The Western Voices of al-Shabaab's Twitter Account
BY Rebecca Chao | Tuesday, September 24 2013
On Saturday, after the al-Shabaab showered an upscale mall in Nairobi, Kenya with grenades and bullets from automatic weapons, killing at least 68 people, a chilling note appeared on their Twitter account: “What Kenyans are witnessing at #Westgate is retributive justice for crimes committed by their military, albeit largely minuscule in nature.” Both their English language and Arabic accounts were subsequently shut down the next day but is back again today under the new handle @HSM_PR, tweeting again in disturbingly cool tones, "Here are 2 of the Mujahideen inside #Westgate mall, unruffled and strolling around the mall in such sangfroid manner."
The al-Shabaab, known for their pernicious recruitment of child soldiers, hand chopping and stoning of girls, opened their first Twitter account two years ago and has been shut down a number of times since. What is striking about their tweets is their native and even high-brow use of the English-language. Words and phrases like "minuscule in nature" and "sangfroid" do not seem to belong to the language of violent jihadists.
While the jihadi group is considered a foreign terrorist organization in the U.S., the group contains American members. The English Twitter account is speculated as being run by either a British or American citizen. Al-Shabaab also claims that three of the ten gunmen at Westgate were Americans, two recruited from Minneapolis–St. Paul, Minn., which holds one of the world's largest Somali diaspora communities.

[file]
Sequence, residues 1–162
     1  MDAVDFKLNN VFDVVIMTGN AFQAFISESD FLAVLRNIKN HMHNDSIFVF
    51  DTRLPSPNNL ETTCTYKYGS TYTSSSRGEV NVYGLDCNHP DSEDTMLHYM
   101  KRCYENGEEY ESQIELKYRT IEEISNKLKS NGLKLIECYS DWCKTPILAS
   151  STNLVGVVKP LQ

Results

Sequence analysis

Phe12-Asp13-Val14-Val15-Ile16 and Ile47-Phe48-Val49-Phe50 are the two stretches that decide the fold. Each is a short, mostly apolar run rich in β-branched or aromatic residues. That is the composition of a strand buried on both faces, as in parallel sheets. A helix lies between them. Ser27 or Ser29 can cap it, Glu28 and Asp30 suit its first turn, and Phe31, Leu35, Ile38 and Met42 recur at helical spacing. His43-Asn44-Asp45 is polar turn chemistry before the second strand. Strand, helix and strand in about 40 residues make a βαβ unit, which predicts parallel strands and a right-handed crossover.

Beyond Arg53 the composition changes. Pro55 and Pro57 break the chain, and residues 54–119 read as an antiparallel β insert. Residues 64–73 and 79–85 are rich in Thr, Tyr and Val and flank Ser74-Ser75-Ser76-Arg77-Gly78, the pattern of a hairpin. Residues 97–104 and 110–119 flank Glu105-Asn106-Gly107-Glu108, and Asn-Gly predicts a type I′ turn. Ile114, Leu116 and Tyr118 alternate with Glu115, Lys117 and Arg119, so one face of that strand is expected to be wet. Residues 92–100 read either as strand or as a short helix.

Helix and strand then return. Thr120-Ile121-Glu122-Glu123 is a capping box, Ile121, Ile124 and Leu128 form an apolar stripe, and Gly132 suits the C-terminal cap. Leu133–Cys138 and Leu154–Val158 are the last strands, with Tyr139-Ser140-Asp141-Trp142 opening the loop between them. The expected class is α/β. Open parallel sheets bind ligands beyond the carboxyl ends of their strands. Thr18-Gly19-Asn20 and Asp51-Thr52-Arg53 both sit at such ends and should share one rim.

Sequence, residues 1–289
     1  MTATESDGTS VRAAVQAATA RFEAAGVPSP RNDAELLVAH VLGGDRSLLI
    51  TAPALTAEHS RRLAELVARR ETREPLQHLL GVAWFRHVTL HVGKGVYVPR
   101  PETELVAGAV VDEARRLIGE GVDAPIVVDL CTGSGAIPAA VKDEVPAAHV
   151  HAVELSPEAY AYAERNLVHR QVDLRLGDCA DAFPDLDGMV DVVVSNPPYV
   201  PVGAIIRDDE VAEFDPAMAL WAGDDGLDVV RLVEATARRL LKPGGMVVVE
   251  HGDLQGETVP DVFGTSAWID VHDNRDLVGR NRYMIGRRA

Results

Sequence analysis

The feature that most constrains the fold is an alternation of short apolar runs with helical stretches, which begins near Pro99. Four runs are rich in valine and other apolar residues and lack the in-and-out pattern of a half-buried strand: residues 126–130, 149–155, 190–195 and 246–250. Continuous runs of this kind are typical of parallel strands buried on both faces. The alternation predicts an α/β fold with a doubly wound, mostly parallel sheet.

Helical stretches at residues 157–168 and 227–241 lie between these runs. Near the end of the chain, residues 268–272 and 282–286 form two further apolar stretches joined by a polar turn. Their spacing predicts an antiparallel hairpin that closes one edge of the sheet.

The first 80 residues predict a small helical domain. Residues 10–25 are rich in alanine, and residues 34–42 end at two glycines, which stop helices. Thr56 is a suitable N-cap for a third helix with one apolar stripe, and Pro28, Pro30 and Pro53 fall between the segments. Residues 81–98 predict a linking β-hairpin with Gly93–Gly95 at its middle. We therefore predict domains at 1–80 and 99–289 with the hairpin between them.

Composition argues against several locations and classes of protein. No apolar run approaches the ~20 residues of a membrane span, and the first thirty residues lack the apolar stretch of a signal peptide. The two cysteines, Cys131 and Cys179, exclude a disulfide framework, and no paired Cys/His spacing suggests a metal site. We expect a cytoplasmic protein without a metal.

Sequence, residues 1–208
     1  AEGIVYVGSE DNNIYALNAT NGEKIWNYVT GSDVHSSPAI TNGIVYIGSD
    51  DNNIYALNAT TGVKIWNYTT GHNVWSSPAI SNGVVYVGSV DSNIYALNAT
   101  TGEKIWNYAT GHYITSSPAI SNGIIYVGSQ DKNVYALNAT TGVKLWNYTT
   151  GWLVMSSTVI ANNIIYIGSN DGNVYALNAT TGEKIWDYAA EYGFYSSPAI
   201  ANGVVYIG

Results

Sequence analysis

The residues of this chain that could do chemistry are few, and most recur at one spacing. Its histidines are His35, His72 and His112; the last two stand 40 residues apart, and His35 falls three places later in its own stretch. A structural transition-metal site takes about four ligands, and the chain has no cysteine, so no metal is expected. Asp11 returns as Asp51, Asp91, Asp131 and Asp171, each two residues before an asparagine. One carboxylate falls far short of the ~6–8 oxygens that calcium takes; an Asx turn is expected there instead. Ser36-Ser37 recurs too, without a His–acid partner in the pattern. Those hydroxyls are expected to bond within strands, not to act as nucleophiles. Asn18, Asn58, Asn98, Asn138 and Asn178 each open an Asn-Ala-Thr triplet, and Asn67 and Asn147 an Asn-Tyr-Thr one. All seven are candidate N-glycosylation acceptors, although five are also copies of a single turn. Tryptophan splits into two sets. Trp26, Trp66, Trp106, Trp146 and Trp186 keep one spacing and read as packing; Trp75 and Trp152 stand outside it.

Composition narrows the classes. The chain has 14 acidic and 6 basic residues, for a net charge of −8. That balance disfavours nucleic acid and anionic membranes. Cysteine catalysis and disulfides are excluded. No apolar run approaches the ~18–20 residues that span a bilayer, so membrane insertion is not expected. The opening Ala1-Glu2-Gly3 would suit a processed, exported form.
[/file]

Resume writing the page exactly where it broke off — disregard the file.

The National Counterterrorism Center explains that al-Shabaab, formally Harakat Shabaab al-Mujahidin or 'HSM,' is "a clan-based insurgent and terrorist group [that] has continued its violent insurgency in southern and central Somalia" and that fighters include "Americans and other Westerners." Their attacks were usually centered on the Somali Transitional Federal Government (TFG) and most members remain interested in this nationalistic agenda, rather than a global jihad. However, Al-Shabaab merged in February 2012 with al-Qa‘ida, which has a global agenda.
On their Twitter account, through which they have been attempting to provide a live-feed of the Westgate attack, the group seems keen on publicizing their actions. They write to journalists:
They have also made repeated claims that they are responsible for the attack, have corroborated photos of their fighters and also indicated their motivations for the attack:
The "forces" they refer to in one of their tweets is the African Union-led, UN-backed peacekeeping mission in Somalia. The 18,000-strong operation also includes 4,000 Kenyan troops. They blame their presence as the reason for their attack.
Some experts argue, however, that this latest act of violence is also a demonstration of the in-fighting that has plagued al-Shabaab of late. Ahmed Abdi Godane, who now leads the group, obtained power in June after executing a number of top leaders. The Westgate attack may be a way for Godane to show his force and consolidate his power.
Ken Menkhaus, a professor at Davidson college, however believes that al-Shabaab is weakening. He wrote in Think Progress that the attack by al-Shabaab was “the latest sign of the group’s weakness. It was a desperate, high-risk gamble by Shabaab to reverse its prospects.”